Glitches and bugs are still plaguing the effort to create a new computer system to support two additional investment options for federal employees through the Thrift Savings Plan.
The computer software that runs the new system has numerous defects that haven't yet been fixed, though the testing phase is ahead of schedule, according to a written statement from the Federal Retirement Thrift Investment Board, which runs the TSP. More than 5,700 bugs have been found in the system software to date, and approximately 1,600 of these have yet to be resolved, according to a statement from the TSP board.
The TSP is the government's 401(k)-style retirement plan. More than 2.4 million participants have more than $100 billion invested through the plan. Currently, federal employees have three investment options available through the TSP: the C Fund, which invests in stocks, the F Fund, which invests in bonds, and the G Fund, which invests in government securities.
The new TSP system will enable the creation of two new investment funds-the Small Capitalization Index Investment (S) Fund and the International Stock Index Investment (I) Fund. The new TSP system will also allow investors to check the value of their funds daily.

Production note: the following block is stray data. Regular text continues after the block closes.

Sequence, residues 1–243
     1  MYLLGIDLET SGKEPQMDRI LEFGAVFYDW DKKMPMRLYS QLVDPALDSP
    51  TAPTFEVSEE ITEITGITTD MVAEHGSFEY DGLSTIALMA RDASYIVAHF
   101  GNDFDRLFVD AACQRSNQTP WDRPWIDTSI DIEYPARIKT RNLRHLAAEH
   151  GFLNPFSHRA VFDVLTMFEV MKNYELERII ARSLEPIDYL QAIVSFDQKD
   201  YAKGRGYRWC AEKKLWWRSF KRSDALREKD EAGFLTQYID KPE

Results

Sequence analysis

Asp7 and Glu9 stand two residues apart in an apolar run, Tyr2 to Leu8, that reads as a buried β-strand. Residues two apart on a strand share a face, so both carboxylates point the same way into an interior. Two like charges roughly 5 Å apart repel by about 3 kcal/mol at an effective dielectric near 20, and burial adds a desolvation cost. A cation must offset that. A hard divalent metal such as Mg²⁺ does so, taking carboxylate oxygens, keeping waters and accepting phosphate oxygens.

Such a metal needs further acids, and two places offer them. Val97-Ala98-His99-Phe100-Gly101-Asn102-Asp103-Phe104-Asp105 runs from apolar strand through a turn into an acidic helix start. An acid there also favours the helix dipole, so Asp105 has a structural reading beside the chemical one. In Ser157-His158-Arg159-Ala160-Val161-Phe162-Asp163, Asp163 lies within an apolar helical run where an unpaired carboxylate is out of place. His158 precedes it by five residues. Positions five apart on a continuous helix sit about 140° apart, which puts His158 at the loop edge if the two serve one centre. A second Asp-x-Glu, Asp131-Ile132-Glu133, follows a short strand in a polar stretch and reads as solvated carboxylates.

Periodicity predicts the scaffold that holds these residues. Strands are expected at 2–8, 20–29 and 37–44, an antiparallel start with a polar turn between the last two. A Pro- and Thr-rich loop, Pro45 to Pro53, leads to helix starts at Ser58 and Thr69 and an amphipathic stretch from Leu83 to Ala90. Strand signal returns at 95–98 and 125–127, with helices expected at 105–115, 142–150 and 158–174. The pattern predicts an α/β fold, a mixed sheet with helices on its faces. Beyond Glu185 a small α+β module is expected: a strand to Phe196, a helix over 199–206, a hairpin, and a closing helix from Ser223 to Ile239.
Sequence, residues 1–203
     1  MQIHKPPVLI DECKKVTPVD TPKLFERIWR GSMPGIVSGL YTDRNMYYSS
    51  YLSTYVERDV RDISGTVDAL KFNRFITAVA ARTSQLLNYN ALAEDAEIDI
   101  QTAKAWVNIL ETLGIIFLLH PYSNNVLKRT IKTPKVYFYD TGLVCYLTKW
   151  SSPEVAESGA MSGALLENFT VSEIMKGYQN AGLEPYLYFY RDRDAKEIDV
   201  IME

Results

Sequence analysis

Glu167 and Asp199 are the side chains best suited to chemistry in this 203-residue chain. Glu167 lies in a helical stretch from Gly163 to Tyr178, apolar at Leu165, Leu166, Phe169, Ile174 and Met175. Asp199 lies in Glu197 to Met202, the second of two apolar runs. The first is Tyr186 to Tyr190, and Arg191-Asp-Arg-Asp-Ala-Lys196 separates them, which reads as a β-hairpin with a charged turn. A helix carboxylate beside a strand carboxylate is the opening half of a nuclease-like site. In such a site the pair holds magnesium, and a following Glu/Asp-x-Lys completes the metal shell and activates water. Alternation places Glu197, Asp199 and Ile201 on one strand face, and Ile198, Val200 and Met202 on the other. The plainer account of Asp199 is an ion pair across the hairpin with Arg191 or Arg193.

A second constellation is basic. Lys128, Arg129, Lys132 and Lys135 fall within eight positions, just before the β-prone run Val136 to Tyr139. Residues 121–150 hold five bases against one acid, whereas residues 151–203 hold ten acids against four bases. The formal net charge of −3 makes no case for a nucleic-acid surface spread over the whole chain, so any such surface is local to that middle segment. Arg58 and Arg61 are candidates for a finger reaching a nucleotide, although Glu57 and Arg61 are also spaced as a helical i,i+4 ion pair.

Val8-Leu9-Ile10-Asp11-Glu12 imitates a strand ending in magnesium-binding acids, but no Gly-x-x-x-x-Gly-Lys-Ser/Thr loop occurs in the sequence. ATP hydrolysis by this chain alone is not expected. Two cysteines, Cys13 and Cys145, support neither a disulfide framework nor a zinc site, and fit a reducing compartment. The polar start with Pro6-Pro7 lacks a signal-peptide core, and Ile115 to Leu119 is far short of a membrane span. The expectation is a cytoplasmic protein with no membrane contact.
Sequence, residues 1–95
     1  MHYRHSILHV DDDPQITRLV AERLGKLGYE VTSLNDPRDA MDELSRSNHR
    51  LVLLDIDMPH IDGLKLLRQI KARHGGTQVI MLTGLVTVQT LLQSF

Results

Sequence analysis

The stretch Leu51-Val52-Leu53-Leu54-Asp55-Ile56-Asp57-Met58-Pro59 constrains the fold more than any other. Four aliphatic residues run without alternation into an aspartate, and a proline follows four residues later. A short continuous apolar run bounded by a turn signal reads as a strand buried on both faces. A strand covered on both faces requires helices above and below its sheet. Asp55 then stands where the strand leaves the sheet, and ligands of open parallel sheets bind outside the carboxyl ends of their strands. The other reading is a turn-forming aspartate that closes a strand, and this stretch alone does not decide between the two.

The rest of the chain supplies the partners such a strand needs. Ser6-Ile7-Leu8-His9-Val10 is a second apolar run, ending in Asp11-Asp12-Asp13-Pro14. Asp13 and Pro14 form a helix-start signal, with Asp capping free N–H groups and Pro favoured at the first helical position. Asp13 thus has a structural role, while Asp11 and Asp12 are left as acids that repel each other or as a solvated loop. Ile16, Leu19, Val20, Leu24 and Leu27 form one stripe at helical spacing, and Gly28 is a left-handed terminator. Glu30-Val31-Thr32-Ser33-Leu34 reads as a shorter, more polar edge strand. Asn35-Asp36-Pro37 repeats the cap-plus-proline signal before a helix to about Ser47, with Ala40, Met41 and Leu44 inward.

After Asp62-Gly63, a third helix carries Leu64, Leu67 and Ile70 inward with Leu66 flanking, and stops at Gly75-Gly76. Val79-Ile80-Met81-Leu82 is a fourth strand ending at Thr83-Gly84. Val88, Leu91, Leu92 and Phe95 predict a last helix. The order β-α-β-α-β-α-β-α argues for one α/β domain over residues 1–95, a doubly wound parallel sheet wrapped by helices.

The new system was scheduled to debut four months ago, but in January that date was pushed up to Oct. 1 by the Federal Retirement Thrift Investment Board, which runs the TSP. In June, the board announced the system wouldn't be ready in October decided not to set a new implementation date.
A bill pending before Congress, H.R. 208, would allow new federal employees to roll over money from private-sector 401(k) accounts into TSP accounts beginning Oct. 1. The bill would also allow new employees to immediately begin participating in the TSP. Under current rules, new employees have to wait a year before contributing money to their TSP accounts.
The Senate passed H.R. 208 in July, sending it back to the House of Representatives for approval of an amendment.